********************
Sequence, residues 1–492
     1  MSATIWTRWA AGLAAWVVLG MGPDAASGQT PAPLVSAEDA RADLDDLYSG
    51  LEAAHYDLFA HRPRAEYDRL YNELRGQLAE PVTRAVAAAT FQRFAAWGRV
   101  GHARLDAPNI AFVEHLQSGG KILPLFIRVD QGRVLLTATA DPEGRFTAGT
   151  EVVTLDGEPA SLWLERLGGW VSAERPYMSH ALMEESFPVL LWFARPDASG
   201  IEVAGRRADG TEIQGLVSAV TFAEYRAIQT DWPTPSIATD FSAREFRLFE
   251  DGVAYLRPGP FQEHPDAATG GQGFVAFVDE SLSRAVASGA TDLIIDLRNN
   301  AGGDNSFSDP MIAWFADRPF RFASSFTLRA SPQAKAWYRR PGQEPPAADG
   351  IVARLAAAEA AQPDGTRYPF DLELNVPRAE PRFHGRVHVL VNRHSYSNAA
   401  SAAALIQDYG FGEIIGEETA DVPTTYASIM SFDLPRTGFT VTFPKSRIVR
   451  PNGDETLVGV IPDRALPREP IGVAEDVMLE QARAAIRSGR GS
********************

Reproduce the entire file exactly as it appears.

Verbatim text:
Sequence, residues 1–492
     1  MSATIWTRWA AGLAAWVVLG MGPDAASGQT PAPLVSAEDA RADLDDLYSG
    51  LEAAHYDLFA HRPRAEYDRL YNELRGQLAE PVTRAVAAAT FQRFAAWGRV
   101  GHARLDAPNI AFVEHLQSGG KILPLFIRVD QGRVLLTATA DPEGRFTAGT
   151  EVVTLDGEPA SLWLERLGGW VSAERPYMSH ALMEESFPVL LWFARPDASG
   201  IEVAGRRADG TEIQGLVSAV TFAEYRAIQT DWPTPSIATD FSAREFRLFE
   251  DGVAYLRPGP FQEHPDAATG GQGFVAFVDE SLSRAVASGA TDLIIDLRNN
   301  AGGDNSFSDP MIAWFADRPF RFASSFTLRA SPQAKAWYRR PGQEPPAADG
   351  IVARLAAAEA AQPDGTRYPF DLELNVPRAE PRFHGRVHVL VNRHSYSNAA
   401  SAAALIQDYG FGEIIGEETA DVPTTYASIM SFDLPRTGFT VTFPKSRIVR
   451  PNGDETLVGV IPDRALPREP IGVAEDVMLE QARAAIRSGR GS